"In general, I like when people tag me in posts because I see it as a form of acknowledgement of my presence. It depends on the person who tags me whether I will get more follower requests, though, because if it’s one of my friends who tagged me, it’s likely that we have the same people following us already so I won’t get very many requests from that. Also in general, I try to only accept follower requests from people I’ve met in person. But in general, I like to be tagged."
Tagging, however, is not always celebrated. Because tagging would allow anyone a certain degree of control of the profile (and on Facebook, friends’ feeds) of any other user, Facebook and Instagram allow users to choose which of the photos they are tagged in to make visible on their profile, and whether photos they are tagged in should be visible by default. On my personal Instagram account, I have set photos that I am tagged in to not automatically appear on my profile. I do this so that I maintain complete control over what is available about me to my followers: if I am tagged in a photo I either don’t like or don’t approve of, it will never appear on my profile. With this setting enabled, however, a potentially malicious user—a cyberbully or otherwise—could ‘taint’ my image by tagging me in an inappropriate or offensive photo. Still, Instagram allows for photos to be selectively hidden from one’s profile, so any damage done by a malicious user would be temporary.
The dangers of tagging are amplified on Facebook. Because photos a user is tagged in can appear in the feeds of the tagged user’s friends, a malicious user who hopes to embarrass, defame, or humiliate another user can simply post whatever photo they’d like, tag the targeted user, and hope that the photo appears on the feeds of the targeted user’s friends. Fortunately, it is not difficult to change Facebook’s privacy settings to avoid such a scenario—an entire section of the privacy settings are devoted to ‘Timeline and Tagging,’ and Facebook offers a tool to audit all the photos that you’re tagged in—but it’s easy to overlook these settings.
Tagging is very rarely used for malicious purposes, however, and most users do pay close attention to the photos that are visible on their profile. Indeed, selecting what tagged photos to display and which photos to hide is among the standard routine of an avid social media user. Most tagged photos are not removed in response to any form of bullying—instead, they are most commonly removed because they are considered unflattering.
"I include maybe one out of every ten photos I’m tagged in on my Instagram profile. Some of the photos I choose to hide from my profile because I don’t look good in them, and some of the photos I hide because you can’t even see me in them (sometimes my friends tag me in posts they find funny, even if they have no relation to me). Once, though, someone posted a really embarrassing photo of me on Facebook and tagged me, and it was shown to all of my friends… the photo was of me really sick after a party, and they posted it before class elections. I was running for school co-presidents, and a lot of people saw that photo. It was bad. Let’s just say I lost by a lot. And because they tagged me in the photo and marked the location as my school, I think that Facebook’s algorithm was more likely to show my classmates and my friends the photo than if [the poster] had just posted it on his account himself. Everyone saw."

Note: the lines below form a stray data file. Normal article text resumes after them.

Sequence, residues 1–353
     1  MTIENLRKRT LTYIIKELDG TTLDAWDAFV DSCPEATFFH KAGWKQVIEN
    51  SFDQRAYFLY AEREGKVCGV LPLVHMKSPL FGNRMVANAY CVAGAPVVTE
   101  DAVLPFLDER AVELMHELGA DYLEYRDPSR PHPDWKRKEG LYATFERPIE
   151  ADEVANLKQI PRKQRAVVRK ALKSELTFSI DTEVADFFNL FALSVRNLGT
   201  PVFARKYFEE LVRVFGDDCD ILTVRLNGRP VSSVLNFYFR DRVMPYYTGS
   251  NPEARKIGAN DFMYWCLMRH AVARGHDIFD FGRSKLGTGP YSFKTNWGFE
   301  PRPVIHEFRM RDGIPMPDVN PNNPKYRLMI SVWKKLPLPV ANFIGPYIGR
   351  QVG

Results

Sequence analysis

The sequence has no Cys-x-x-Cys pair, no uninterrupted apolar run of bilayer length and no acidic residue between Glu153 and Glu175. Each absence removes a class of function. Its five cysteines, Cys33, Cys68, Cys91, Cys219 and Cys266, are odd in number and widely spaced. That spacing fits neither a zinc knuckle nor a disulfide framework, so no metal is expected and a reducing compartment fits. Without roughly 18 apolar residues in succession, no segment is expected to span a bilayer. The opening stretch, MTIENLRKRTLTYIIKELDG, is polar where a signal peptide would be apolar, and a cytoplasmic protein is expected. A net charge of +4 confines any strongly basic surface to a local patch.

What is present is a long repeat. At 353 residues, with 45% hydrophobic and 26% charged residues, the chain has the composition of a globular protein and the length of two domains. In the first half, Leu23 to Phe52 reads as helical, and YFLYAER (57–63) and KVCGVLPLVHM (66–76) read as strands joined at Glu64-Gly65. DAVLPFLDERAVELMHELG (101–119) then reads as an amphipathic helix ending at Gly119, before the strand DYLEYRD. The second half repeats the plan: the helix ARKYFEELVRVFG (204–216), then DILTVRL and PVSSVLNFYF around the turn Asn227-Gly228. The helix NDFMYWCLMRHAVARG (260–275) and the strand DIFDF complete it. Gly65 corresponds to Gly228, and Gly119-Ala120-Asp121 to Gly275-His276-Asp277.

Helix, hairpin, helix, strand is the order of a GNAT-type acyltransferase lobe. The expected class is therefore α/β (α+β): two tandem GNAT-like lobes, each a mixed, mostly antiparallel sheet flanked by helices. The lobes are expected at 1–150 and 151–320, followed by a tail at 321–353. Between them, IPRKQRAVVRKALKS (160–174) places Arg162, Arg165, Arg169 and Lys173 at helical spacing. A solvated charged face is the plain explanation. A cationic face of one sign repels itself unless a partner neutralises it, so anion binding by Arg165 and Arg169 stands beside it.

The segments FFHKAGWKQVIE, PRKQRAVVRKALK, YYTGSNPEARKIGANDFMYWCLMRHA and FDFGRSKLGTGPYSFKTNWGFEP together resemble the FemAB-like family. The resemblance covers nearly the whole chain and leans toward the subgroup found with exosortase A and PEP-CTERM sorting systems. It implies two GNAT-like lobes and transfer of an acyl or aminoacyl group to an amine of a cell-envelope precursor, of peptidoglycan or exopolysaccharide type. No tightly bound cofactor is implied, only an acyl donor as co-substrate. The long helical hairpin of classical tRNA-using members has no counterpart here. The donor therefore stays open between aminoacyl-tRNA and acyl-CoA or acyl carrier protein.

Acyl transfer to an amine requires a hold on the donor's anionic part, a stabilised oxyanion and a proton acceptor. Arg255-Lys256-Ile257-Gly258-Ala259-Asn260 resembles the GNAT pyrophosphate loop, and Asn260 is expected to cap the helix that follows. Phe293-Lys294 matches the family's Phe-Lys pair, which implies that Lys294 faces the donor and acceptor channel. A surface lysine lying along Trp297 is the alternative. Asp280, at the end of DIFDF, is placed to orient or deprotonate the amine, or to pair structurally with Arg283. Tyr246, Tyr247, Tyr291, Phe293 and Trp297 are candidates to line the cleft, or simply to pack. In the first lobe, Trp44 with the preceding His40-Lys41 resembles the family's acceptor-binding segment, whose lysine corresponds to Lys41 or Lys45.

Most of the photos I have been tagged in have not made it to my profile. Still, I encourage people to tag me in photos even when I have no plans to include the photo on my profile: tagging, after all, is a valuable way to expand one’s online social network. And I admit that when I’m not tagged, I can feel a bit hurt.
Even more central to social media than tagging is creeping. Few forms of online harassment are as normalized and accepted as creeping. Defined simply as the act of scouring old social media posts of another person (and sometimes also referred to as social media stalking, online stalking, or backstalking), creeping is among the most pervasive and normalized online privacy violations. Unlike many other more sophisticated forms of digital surveillance, such as browser tracking and complex malware, creeping requires no technical skill. Instead, creeping requires only a tenacious determination to scroll. Furthermore, creeping is not nearly as demonized as other forms of online harassment—BuzzFeed features multiple ‘are you a social media stalker?’ quizzes and articles on its website, and creeping is often depicted in a humorous manner in the online media, a product of the insignificance with which the online community regards creeping.
Not only is creeping destigmatized, however, it is also distressingly easy to pull off: a stalker simply needs a computer, an internet connection, and an accepted friend request. (NOTE: For private accounts only.) Time-sensitive social media privacy settings have yet to reach the Facebook, Twitter, and Instagram preferences dashboards—a post from 2013 is just as public as a post from last week—making all social media users vulnerable to creeping. While it is important to differentiate between the not-illegal (but only borderline ethical) creeping and the much more serious cyberstalking (which is a crime among the likes of harassment and stalking), the dangers of social media creeping cannot be understated.